You Need to Know Off-Road Trail Ratings Before You Go

Sure you may have a Jeep or another SUV with knobby tires and a bit of ground clearance. But before you drive off-road, it’s good to know what kind of trail you’ll be driving. Just because your vehicle has four-wheel drive doesn’t mean you’ll know what to do with it. You don’t want to scrape dents into the doors or break an axle.

Unfortunately, there’s no national trail rating system. But like ski trails that rate difficulty from bunny hops to black diamond, many trail systems in local, state, and national parks have been rated. To find out more go online to off-road groups for your vehicle or your region.

Some trail rating systems have only three levels:  easy, medium and difficult. Others are rated on a scale of 1-10. Some trail ratings are based on the toughest section of the trail, but there may be bypass if you don’t want to tackle the biggest rocks or the steepest hill.

Also, trails may be rated differently by those who drive for sightseeing and travel purposes compared to those who love to tackle obstacles and don’t care as much about the journey. The obstacle crawlers love to be stymied by big rocks and deep crevices and aren’t as worried about vehicle damage.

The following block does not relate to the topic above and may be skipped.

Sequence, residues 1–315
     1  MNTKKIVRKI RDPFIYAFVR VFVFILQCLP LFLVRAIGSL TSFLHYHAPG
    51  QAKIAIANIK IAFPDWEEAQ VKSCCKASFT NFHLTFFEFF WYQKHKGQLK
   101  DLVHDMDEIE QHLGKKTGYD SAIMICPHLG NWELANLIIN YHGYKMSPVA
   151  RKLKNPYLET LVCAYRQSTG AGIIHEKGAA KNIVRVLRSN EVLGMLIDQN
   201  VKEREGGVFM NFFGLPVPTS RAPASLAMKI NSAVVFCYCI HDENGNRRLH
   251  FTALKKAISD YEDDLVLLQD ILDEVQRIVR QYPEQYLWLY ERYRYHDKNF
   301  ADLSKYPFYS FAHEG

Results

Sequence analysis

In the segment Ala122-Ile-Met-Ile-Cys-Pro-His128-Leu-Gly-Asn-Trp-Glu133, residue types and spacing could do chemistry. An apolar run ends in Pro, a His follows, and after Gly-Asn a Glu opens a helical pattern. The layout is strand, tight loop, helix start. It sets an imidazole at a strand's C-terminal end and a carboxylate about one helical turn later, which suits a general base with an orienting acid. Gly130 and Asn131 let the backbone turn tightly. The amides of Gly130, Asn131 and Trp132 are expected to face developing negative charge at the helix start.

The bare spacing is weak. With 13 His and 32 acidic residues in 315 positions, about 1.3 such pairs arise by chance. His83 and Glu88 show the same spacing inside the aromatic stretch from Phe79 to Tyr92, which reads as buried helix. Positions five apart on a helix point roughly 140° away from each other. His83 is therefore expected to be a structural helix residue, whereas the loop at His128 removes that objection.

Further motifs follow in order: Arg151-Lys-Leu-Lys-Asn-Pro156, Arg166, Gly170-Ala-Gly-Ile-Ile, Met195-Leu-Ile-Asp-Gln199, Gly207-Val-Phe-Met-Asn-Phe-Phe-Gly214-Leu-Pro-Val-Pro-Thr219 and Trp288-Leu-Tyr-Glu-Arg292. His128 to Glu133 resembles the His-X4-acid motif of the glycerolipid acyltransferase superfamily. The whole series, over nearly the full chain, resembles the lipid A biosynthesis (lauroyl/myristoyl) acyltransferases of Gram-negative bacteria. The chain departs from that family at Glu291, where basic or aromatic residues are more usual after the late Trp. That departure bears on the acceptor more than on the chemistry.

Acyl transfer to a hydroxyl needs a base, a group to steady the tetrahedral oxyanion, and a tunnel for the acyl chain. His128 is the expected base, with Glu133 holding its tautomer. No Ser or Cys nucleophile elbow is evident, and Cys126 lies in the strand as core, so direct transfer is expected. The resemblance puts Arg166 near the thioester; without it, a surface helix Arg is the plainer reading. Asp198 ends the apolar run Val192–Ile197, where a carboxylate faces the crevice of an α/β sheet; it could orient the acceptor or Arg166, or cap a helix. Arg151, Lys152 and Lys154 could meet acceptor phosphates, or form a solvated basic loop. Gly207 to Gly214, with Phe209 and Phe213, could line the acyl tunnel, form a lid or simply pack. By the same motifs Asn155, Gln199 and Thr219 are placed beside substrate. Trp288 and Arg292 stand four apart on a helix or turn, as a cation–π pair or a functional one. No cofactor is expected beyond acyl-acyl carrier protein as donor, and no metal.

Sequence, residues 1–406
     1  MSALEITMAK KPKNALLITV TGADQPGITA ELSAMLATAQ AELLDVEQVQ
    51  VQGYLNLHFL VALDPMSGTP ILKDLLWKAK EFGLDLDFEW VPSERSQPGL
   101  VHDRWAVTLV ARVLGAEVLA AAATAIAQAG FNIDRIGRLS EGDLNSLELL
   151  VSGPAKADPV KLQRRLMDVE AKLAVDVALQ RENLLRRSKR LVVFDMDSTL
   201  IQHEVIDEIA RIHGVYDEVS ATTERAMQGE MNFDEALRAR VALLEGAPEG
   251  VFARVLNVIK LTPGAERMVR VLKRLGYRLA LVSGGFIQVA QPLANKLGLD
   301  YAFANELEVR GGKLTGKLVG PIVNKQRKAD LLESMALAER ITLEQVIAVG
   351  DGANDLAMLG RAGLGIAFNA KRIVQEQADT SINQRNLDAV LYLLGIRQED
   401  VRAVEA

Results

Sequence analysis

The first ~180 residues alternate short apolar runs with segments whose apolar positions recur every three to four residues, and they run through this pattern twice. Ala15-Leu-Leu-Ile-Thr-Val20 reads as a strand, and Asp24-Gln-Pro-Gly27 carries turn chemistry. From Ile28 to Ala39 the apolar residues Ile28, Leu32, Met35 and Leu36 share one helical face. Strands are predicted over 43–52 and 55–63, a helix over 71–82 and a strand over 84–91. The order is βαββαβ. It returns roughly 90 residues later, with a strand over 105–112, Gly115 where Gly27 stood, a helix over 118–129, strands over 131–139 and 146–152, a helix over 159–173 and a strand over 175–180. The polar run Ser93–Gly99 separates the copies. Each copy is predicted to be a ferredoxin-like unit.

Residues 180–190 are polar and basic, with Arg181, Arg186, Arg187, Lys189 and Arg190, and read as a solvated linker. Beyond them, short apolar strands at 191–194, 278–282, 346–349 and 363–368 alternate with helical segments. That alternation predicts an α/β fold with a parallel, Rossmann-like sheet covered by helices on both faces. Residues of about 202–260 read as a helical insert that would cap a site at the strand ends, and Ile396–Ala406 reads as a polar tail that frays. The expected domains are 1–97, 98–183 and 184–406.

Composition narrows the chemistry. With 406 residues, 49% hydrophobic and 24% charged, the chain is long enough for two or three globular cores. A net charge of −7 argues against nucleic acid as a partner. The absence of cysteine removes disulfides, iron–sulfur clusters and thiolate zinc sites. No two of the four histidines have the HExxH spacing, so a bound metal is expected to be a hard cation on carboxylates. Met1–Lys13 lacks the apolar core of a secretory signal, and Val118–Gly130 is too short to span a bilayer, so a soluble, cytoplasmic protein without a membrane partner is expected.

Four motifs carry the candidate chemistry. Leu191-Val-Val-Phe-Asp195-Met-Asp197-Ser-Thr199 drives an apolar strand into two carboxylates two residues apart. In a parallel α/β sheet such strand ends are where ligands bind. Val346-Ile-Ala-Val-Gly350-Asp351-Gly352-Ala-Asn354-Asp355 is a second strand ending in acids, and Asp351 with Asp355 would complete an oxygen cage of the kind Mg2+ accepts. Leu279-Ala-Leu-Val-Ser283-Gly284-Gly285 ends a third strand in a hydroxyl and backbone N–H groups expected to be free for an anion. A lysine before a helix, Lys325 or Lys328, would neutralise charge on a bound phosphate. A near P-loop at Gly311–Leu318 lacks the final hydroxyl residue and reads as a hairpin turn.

In the absence of a national system, the folks at Jeep have developed a rating system for their annual Jamboree events. It’s a good rule of thumb to see what you can expect.

Jeep Jamboree Trail Ratings

Rating 1-2

At this level, obstacles  and terrain are relatively easy to navigate for just about any stock vehicle. In good weather conditions some trails may not require continual use of four-wheel drive (4WD).

Rating 3-5

Moderately demanding and a challenge for novice drivers. Obstacles may include mud holes, boulders, and streams. Requires 4WD with low-range gearing.

Rating 6-7

Demanding. Challenge for most skill levels. Mud holes get deeper, boulders get larger and climbs get steeper. This level requires 4WD with low range gear capability.

Rating 8-9

Very demanding. The likelihood of getting stuck is high. Mud holes may be deep and rock climbing is more arduous. Lifts and lockers are helpful. Requires 4WD with low-range gearing.

Rating 10

Extremely demanding. Reserved for the toughest off-road trip in the U.S.A. — the Rubicon Trail. Requires 4WD with low range gearing. (Not recommended for Jeep Patriot, Compass, Liberty, Cherokee, Grand Cherokee,  Commander or similar vehicles.)

If you want to travel tougher trails, the first place to upgrade is your tires. Get some all-terrain tires or mud terrain tires. Look for tires with deep treads and tough sidewalls. Check with a knowledgeable tire shop about the largest diameter tire your vehicle can accommodate. Bigger tires are better for tackling those tasty trails. Most serious off-roaders upgrade to 33-inch or even 35-inch options.

Don’t take a trail blindly. Ideally, you’ll tackle a trail with at least one other vehicle. Find someone who’s done the path before and can give you some guidance on what to expect. At least use your pal Google to find some credible information on the trail before you go.

SOURCES:

Jeep Jamboree Trail Ratings: https://jeepjamboreeusa.com/trail-ratings

Trail Rating info: https://forums.off-road.com/jeep-short-wheelbase/3755-please-explain-trail-ratings.html

Vehicle upgrade info: https://jalopnik.com/this-is-what-makes-a-vehicle-unstoppable-off-road-512501606

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